Study 5 Published: Elsevier Complementary Therapies in Medicine Volume 2, Issue 1, January 1994

The psychophysiological effects of aromatherapy massage following cardiac surgery
Caroline Stevensen BA (Hons), RGN, MRSS, IFA

Aromatherapy and massage have gained wide popularity amongst nurses in their clinical practice in recent years. The intensive care setting offers a challenge to nurses to meet the psychological and physical needs of the patient within a highly technological environment. A randomised controlled trial was conducted to assess the effects of aromatherapy and massage on post-cardiac surgery patients. Foot massage given over 20 min, with or without the essential oil of neroli, on day 1 postoperatively showed that a statistically significant psychological benefit was derived from both the groups receiving massage, compared to controls; however, significant physiological differences were limited to respiratory rate as an immediate effect of massage with or without the essential oil. A further follow-up questionnaire on day 5 post surgery indicated a trend towards greater and more lasting psychological benefit from the massage with the neroli oil compared to the plain vegetable oil.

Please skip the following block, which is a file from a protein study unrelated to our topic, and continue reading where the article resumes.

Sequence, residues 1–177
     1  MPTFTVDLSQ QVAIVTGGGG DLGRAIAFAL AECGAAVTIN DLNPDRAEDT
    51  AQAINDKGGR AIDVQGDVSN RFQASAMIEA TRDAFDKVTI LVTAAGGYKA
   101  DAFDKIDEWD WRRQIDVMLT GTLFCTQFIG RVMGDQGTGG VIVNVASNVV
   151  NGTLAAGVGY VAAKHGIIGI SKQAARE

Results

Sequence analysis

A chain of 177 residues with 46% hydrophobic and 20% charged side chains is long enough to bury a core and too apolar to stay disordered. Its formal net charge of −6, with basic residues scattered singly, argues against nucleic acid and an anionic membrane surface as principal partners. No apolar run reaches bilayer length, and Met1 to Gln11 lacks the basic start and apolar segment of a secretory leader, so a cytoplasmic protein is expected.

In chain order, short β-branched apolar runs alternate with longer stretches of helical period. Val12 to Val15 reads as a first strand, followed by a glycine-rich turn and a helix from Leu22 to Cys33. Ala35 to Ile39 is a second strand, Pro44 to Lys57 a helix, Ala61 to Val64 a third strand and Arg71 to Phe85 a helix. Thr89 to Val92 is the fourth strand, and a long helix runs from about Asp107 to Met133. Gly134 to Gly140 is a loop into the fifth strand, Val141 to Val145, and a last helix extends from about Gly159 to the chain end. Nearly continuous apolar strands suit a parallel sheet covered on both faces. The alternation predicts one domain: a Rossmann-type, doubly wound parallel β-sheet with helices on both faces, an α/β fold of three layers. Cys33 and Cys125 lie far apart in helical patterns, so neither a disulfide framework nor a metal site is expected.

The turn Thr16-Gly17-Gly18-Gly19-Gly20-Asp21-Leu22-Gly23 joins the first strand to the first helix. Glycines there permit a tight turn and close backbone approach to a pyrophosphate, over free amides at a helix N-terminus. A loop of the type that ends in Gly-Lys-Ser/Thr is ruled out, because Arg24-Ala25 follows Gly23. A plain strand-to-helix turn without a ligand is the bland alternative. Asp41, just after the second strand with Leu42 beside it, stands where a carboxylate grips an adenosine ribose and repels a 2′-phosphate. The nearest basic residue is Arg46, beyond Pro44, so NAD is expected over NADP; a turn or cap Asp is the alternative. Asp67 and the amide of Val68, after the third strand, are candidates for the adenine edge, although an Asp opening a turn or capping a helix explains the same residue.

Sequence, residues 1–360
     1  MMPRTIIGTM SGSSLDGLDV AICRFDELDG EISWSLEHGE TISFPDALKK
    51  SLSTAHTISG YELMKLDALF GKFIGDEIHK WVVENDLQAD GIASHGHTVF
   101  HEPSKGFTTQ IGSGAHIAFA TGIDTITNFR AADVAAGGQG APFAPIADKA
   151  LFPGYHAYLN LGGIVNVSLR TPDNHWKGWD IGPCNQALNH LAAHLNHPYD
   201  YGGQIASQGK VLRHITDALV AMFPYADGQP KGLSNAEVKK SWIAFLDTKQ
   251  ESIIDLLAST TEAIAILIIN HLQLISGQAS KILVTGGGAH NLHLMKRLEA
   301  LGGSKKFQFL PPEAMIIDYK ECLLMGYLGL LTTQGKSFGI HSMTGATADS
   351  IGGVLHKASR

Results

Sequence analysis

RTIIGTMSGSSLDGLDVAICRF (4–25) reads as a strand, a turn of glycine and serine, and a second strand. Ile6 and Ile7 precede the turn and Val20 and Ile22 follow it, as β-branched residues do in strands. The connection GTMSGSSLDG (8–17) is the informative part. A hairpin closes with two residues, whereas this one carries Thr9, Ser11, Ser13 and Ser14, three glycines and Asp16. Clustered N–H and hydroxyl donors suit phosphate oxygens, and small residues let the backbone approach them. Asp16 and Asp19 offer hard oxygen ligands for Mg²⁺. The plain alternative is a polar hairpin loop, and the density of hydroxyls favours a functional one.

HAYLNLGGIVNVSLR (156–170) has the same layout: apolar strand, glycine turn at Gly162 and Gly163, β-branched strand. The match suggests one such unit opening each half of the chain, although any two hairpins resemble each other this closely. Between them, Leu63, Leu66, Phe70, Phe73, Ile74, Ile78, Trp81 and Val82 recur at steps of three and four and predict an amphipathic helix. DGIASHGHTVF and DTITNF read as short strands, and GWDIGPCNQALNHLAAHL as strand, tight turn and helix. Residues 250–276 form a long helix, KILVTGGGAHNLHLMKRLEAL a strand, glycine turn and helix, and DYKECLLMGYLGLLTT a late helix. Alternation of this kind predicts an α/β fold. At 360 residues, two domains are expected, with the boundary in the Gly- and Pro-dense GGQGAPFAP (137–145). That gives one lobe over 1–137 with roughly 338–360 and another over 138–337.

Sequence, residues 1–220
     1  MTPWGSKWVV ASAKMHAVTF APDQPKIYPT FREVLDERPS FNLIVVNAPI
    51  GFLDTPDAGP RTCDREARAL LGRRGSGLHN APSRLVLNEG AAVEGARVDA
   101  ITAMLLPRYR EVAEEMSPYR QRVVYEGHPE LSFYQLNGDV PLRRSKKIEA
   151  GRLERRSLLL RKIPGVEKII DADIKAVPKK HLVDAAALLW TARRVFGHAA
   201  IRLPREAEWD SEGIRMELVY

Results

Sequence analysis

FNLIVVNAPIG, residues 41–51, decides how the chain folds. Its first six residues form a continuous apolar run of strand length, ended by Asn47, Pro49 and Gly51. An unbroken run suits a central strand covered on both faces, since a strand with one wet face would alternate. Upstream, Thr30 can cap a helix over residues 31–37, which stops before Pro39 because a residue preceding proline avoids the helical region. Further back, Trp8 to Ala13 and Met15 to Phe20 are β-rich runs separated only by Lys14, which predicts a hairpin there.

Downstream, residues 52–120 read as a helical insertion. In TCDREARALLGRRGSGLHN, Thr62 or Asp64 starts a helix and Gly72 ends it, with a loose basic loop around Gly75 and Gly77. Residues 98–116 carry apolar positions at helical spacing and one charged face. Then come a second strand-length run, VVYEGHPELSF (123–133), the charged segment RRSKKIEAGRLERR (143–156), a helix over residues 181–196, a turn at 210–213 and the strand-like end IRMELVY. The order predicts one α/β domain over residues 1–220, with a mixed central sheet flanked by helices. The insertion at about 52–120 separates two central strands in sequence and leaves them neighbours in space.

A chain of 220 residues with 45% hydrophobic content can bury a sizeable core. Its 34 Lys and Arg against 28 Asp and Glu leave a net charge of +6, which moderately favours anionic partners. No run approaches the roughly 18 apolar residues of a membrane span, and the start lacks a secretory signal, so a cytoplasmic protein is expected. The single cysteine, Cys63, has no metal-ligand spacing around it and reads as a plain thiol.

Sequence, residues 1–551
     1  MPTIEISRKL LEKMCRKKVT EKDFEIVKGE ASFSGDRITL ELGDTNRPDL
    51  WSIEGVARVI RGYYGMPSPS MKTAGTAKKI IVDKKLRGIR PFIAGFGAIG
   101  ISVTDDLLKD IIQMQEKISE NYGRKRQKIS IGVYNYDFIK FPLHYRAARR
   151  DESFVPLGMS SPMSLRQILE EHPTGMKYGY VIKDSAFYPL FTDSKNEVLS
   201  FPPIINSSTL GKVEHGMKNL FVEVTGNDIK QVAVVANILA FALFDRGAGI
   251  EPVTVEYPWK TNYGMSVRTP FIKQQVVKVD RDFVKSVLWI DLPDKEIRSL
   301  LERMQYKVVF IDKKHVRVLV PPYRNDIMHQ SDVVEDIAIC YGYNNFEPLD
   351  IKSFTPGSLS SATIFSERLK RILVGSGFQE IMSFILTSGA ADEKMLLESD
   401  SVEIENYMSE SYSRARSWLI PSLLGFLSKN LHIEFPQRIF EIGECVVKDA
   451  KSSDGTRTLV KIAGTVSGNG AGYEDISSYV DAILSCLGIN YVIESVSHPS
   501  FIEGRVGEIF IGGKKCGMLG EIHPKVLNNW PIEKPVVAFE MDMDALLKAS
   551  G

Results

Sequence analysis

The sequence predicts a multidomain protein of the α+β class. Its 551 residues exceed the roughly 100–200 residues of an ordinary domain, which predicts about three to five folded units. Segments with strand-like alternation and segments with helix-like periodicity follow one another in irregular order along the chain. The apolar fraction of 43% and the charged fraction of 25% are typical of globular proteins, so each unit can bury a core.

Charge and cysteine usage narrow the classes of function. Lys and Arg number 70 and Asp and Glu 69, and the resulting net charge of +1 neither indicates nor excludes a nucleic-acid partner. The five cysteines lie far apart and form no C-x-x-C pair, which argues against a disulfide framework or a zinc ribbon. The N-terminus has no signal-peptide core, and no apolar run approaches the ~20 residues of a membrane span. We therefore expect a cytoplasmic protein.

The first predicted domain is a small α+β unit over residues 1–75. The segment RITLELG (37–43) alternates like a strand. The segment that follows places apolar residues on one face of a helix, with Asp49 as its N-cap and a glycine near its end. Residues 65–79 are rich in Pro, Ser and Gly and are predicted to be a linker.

I would suggest that this backs up what I said last week about Neroli’s calming, relaxing, euphoric and uplifting properties making it a great choice for anxiety, fear, unrest, depression, despair, irritability, anger and nervous tension.